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The first time Jann Wenner put John Lennon and Yoko Ono on the cover of Rolling Stone, in 1968, he was propping up his fledgling publication. The second time, in 1981, he was sealing Lennon’s legend. With the magazine now up for sale, Joe Hagan chronicles the relationship between Wenner and Lennon in an adaptation from his new biography of the Rolling Stone founder.

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John Lennon was in a movie theater, crying.

The image of Paul, singing from the rooftop in the final 10 minutes, had set him off. Jann Wenner shifted in his seat. In the darkness of a tiny movie house in San Francisco, the Beatle, Wenner’s hero, whose iconic spectacles and nose adorned the first issue of his rock ‘n’ roll newspaper, Rolling Stone, had tears running down his cheeks as light flickered off his glasses. And next to him was Yoko Ono, the bête noire of Beatledom, raven hair shrouding her porcelain face, also weeping.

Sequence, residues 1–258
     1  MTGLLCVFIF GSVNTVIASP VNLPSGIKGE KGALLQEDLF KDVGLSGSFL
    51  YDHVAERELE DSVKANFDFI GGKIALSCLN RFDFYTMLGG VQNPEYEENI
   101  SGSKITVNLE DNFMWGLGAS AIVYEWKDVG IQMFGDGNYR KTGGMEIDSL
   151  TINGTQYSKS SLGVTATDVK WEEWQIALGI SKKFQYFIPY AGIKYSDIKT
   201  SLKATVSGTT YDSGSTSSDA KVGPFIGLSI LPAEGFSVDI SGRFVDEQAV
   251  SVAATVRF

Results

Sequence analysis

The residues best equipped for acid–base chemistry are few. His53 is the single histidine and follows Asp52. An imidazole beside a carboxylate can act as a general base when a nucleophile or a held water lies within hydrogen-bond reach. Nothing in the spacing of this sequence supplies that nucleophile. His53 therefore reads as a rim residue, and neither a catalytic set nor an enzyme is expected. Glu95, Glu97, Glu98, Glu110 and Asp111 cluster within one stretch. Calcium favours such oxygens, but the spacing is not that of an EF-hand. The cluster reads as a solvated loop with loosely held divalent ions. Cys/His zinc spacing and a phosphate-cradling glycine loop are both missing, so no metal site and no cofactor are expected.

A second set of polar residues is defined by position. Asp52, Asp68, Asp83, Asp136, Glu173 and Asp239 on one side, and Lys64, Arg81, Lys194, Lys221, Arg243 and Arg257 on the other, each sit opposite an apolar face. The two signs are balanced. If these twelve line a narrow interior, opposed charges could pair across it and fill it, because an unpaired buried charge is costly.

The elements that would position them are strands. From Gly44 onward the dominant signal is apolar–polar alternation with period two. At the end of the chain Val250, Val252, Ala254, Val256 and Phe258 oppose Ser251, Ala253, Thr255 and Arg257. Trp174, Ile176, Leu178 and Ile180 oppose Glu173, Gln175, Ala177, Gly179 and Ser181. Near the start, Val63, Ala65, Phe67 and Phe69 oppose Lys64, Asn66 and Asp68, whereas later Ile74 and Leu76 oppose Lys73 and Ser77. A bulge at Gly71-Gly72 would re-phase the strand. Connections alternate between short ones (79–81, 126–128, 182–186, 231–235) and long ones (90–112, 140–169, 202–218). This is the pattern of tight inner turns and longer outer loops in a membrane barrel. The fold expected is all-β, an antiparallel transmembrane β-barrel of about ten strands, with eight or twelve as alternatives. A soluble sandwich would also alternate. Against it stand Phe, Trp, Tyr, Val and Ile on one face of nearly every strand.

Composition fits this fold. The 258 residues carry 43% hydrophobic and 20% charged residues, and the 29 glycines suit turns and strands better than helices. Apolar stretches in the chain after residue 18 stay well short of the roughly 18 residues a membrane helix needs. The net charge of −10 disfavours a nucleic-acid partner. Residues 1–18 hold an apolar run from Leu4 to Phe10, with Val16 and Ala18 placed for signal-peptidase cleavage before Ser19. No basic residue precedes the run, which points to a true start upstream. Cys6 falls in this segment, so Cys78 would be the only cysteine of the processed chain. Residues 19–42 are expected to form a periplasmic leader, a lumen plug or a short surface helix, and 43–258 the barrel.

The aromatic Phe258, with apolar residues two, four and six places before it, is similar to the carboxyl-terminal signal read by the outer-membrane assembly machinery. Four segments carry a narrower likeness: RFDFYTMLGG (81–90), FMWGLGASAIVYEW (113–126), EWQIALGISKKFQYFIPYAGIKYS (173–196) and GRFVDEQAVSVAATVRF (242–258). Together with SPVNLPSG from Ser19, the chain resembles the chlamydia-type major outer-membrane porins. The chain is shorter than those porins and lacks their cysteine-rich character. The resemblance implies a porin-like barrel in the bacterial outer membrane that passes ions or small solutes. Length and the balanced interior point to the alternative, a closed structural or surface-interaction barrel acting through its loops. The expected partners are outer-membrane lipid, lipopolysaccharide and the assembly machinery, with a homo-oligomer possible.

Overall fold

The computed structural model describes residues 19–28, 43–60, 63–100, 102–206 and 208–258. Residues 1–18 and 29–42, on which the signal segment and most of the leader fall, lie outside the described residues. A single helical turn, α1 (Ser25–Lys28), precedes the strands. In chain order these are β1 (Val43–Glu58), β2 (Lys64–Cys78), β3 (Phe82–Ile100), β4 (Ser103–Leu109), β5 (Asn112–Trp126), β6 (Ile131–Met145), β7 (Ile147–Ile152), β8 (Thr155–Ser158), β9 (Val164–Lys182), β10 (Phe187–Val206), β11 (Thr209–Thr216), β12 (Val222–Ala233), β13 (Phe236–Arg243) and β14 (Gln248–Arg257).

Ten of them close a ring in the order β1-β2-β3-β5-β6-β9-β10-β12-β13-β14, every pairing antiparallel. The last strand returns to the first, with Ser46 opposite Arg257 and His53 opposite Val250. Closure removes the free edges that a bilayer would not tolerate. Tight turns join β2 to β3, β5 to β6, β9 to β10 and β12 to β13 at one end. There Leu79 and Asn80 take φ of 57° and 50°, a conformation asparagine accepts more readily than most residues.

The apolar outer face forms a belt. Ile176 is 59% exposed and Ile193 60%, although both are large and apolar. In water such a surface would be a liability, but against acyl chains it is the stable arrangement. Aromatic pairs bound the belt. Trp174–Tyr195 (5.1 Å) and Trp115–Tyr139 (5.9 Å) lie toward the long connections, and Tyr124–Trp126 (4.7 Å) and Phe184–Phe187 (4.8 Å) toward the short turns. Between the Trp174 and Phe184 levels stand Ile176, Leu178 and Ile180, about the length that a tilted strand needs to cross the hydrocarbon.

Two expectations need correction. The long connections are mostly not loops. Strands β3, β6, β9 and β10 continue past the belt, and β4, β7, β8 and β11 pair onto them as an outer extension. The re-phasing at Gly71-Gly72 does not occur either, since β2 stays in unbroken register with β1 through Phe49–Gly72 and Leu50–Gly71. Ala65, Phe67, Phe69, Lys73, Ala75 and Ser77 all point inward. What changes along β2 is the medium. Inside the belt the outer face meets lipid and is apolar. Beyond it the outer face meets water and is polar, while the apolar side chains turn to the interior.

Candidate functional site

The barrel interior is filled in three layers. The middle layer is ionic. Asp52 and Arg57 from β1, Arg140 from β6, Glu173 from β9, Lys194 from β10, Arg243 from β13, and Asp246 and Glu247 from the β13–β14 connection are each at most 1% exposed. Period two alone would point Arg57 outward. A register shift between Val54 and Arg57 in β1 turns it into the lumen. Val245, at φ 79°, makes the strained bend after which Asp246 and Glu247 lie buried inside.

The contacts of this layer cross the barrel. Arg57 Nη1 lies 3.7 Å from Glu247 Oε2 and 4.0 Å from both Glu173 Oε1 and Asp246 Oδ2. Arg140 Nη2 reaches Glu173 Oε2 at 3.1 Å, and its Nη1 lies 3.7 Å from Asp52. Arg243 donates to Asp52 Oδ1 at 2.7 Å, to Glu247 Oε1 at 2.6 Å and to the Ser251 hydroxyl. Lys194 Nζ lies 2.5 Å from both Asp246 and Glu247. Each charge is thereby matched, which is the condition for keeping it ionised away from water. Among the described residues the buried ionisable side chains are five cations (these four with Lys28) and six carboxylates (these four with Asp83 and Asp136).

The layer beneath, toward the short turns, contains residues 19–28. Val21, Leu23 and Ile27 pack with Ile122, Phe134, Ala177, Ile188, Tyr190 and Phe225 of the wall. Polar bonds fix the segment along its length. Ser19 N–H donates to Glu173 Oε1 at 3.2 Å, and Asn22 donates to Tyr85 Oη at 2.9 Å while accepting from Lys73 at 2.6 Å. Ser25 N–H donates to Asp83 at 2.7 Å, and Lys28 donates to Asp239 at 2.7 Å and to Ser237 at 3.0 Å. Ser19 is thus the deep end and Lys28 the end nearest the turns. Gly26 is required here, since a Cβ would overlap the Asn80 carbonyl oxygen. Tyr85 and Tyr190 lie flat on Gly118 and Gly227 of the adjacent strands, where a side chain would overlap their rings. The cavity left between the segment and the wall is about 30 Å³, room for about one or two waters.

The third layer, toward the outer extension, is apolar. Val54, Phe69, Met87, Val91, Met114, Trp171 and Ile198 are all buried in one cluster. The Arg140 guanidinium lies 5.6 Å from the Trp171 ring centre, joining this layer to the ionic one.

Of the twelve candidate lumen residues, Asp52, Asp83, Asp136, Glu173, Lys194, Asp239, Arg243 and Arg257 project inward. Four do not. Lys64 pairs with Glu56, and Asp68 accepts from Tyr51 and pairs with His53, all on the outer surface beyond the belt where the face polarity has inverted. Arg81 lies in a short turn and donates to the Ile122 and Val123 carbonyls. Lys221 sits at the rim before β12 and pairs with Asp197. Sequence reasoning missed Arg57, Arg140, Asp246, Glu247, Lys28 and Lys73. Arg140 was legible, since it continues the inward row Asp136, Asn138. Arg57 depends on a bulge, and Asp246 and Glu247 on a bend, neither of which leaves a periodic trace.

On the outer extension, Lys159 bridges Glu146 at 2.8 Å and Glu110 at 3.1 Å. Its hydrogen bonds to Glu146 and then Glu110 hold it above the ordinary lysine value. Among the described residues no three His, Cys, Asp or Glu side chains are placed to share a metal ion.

It was a Saturday afternoon in the spring of 1970, and John and Yoko and Jann and his wife, Jane Wenner, were watching the final scenes of Let It Be, the documentary about the Beatles’ acrimonious recording session for their last album. John and Yoko were deep into primal-scream therapy, their emotions raw and close to the surface, and the image of a bearded Paul McCartney singing from the rooftop of Apple Records, against a cold London wind, was too much to bear.

To read more on Vanity Fair:

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